13 Smart (and Sensitive) Ways to Talk to Your Kids About Their Weight

Addressing weight with your child is a sensitive matter—you want them to be healthy, but also want them to accept their body. Here's how to walk the fine line.

Focus on health, not weight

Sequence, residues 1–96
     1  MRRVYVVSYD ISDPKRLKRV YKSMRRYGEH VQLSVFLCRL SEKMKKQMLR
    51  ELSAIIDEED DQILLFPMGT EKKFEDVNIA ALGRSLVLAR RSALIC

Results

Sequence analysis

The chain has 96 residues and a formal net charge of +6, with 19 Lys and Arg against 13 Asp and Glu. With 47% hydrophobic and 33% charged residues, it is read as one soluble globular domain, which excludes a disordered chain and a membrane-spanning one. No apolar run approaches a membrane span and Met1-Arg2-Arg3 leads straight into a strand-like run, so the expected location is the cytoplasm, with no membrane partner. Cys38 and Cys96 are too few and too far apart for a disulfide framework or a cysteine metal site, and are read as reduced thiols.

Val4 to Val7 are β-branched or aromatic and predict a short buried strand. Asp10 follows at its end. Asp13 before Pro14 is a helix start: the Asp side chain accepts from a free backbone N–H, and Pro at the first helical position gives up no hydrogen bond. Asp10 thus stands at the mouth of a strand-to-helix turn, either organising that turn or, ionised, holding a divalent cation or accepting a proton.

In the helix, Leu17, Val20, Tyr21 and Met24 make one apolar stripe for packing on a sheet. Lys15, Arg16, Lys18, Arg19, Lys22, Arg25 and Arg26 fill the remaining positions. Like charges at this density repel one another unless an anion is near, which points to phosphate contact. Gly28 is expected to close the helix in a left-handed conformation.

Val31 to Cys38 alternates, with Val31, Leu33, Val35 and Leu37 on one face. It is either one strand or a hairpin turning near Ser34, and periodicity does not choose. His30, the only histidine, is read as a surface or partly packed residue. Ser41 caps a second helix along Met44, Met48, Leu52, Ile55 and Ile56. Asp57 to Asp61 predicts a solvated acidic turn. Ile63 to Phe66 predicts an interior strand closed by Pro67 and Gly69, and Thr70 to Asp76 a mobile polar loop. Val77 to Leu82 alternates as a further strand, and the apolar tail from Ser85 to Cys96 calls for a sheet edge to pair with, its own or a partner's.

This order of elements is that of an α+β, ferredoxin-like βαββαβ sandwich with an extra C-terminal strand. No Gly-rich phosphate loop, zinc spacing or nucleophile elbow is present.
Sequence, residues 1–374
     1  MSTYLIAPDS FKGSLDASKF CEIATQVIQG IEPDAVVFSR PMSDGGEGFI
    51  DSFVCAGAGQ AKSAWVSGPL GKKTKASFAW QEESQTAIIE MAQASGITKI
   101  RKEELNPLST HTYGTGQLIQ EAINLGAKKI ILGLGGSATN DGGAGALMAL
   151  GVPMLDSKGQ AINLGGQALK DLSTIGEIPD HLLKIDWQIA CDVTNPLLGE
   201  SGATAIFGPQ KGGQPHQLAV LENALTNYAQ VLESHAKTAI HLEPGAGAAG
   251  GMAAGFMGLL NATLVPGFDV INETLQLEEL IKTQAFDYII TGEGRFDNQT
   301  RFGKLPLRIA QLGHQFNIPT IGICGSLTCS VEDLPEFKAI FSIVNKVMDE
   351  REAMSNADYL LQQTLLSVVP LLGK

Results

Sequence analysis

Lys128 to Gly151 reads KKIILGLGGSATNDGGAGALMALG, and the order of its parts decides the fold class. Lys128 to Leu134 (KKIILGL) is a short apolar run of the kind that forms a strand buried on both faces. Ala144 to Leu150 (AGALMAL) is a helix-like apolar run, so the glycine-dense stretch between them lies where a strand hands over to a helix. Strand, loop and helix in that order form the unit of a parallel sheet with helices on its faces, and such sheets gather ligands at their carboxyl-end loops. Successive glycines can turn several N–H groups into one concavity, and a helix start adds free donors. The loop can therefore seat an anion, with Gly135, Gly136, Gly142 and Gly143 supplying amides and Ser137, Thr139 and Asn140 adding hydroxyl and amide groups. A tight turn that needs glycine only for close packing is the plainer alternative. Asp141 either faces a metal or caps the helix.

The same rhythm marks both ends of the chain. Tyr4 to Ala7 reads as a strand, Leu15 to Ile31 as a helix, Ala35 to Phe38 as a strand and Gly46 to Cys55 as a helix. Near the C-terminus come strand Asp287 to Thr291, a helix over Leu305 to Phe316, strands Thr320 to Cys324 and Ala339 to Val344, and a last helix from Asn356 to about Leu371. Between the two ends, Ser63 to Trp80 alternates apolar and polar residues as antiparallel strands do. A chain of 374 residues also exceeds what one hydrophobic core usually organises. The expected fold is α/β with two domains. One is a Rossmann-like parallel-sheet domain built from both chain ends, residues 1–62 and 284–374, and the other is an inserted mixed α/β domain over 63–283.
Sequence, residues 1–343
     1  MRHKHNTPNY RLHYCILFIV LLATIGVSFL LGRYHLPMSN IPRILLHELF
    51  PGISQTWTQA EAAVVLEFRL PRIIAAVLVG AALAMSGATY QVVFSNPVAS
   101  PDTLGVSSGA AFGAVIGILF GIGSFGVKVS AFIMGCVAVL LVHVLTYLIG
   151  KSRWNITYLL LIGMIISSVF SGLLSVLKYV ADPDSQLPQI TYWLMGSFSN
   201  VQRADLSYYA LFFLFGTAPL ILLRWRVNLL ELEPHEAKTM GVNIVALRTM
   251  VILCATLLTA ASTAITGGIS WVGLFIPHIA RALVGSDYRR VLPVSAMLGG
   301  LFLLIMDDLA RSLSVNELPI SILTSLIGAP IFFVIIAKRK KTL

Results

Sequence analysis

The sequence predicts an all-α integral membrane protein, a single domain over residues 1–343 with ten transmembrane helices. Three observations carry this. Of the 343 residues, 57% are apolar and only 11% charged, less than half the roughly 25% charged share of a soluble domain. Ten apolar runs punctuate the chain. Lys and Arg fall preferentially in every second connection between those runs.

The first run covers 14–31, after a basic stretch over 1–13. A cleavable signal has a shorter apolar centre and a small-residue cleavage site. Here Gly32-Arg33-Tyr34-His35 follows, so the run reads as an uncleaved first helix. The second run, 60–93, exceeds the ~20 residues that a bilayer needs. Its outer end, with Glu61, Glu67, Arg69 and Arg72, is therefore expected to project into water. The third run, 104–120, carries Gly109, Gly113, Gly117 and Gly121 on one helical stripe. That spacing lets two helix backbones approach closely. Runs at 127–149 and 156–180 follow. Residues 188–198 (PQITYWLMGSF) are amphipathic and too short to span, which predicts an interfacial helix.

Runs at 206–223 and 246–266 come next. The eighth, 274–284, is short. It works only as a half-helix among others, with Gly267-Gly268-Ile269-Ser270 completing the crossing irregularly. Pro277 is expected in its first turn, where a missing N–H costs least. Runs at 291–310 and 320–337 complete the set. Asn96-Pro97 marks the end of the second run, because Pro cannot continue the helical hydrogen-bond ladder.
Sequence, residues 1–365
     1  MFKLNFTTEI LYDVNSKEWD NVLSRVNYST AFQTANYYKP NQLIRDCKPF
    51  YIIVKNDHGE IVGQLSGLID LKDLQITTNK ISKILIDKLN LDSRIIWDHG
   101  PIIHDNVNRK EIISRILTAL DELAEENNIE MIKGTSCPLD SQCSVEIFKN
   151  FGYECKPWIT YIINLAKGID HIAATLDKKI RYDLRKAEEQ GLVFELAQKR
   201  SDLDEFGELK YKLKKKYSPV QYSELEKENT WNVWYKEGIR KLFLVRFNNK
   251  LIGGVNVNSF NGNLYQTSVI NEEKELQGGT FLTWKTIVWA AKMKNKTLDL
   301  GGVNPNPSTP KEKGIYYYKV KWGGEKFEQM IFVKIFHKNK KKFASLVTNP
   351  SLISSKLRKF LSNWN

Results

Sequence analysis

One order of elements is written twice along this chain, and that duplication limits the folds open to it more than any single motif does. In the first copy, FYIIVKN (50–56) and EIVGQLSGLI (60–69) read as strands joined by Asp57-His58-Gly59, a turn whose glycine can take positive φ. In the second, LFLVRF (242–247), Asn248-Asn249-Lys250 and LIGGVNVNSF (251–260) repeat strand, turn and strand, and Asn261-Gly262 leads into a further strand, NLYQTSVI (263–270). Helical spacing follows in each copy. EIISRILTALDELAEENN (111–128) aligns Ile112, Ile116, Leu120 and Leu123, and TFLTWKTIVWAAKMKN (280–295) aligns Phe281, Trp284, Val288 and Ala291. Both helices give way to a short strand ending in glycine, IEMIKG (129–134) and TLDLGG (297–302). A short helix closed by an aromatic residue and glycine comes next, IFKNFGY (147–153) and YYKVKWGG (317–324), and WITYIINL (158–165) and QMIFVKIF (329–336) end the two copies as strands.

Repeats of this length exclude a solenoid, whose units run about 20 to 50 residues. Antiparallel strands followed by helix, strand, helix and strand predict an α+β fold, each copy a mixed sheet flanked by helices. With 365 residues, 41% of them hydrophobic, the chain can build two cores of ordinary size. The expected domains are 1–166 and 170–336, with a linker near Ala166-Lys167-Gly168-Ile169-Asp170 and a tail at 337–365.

Childhood obesity has tripled in the past 40 years, hitting one in five school-aged children, according to the Centers for Disease Control and Prevention. (Does obesity prevention begin with the bottle?) Excess weight can increase a child's risk factors for type 2 diabetes, heart disease, and some forms of cancer, says Maryam Kebbe, a researcher on children with obesity at the University of Alberta in Canada. At the same time, eating disorders and body positivity have become important topics for today's youth. So if your child is overweight, how can you address it with them? First, focus on health, not weight. "It's a common mistake to focus on the weight itself—this is usually counterproductive," says Elizabeth Shepard, MD, pediatrician, nutrition, and obesity specialist at Stanford Children's Health. "The focus should be on action, i.e. incorporating lifestyle changes that lead to the desired outcome of a healthier weight." For example, try talking about the amazing things healthy foods can do for the body, like give you energy to run, jump, and play—so when you start serving them, there'll be a positive association.

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